Second, YHVH Elohim’s kadosh presence was metaphorically represented as being located on a mountain, which is the highest place on earth that represents heaven. This is why the temple was located in Jerusalem, which was the located on the highest geographical point in the land of Israel (with the exception of Mount Hermon in the extreme north). For this reason, when traveling to Jerusalem, Scripture almost always refers to it as “going up to Jerusalem,” for this is where the physical dwelling place of Elohim among his people was locate—at the highest point in the land of Israel. 

The laborious act of going up, like climbing a mountain, required physical exertion—especially since travel in ancient times was by foot. Whichever direction the Israelite pilgrim was traveling to Jerusalem from whether coming from the western coastal plains along the Mediterranean Sea or from Jordan Valley at the Dead Sea—the lowest point on earth, or from any other direction, the journey required hard work, perseverance, determination and endurance; all physical obstacles and gravity and fleshly limitations had to be overcome one step at a time.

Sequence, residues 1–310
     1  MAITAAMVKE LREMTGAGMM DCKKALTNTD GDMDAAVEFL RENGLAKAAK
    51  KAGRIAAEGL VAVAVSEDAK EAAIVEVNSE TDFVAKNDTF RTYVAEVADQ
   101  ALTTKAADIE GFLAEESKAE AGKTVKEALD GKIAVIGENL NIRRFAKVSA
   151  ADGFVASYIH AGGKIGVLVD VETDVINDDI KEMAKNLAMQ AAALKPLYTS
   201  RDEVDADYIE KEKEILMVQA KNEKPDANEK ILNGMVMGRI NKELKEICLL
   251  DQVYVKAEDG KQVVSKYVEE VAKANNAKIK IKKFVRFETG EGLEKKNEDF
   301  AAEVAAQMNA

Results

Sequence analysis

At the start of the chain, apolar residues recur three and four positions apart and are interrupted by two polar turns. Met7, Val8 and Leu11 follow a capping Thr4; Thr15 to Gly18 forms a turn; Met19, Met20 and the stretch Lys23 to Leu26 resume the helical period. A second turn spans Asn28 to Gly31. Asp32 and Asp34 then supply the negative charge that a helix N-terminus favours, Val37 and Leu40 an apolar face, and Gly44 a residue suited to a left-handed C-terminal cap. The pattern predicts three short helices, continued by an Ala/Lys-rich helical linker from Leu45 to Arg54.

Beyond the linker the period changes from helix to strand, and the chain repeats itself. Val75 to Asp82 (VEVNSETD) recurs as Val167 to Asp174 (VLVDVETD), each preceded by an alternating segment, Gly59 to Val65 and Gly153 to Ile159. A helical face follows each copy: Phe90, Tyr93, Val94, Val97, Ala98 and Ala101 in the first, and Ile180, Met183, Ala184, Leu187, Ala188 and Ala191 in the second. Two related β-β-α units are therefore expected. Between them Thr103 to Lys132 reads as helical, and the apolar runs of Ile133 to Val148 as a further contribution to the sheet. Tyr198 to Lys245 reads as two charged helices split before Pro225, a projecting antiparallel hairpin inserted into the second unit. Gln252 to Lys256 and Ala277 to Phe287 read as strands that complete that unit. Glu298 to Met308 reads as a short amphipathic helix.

This journey to Jerusalem is an apt symbolic picture of the saints spiritual journey against the downward pulls of the world, the flesh and the devil that is required come into the heavenly presence of Elohim. Yeshua likens it to climbing a ladder—Jacob’s ladder (John 1:51).

The idea of Elohim’s presence being on a mountaintop was not lost on the heathens, who, in their perennial attempt to counterfeit the truth of Elohim and subvert humans to their own devilish religious systems, typically located the temples to their demon gods on mountains. 

This psalm, by contrast, enjoins YHVH’s people to lift their eyes up to him and view his presence as symbolically being on a mountain, rather than looking to demon gods, false religious systems and men’s governments and human institutions, which are often also located on hills or mountains. In this light, think of the Vatican located on its seven hills of Rome, or Mount Olympus, the Acropolis in Athens, the mountains of Tibet for those into Buddhism, the stereotypical guru is perched on some mountain top somewhere, Capital Hill in Washington D.C. as well as many churches and hospital complexes. These can all serve as false gods to which many people lift their eyes instead of the one true God of the Bible, YHVH Elohim.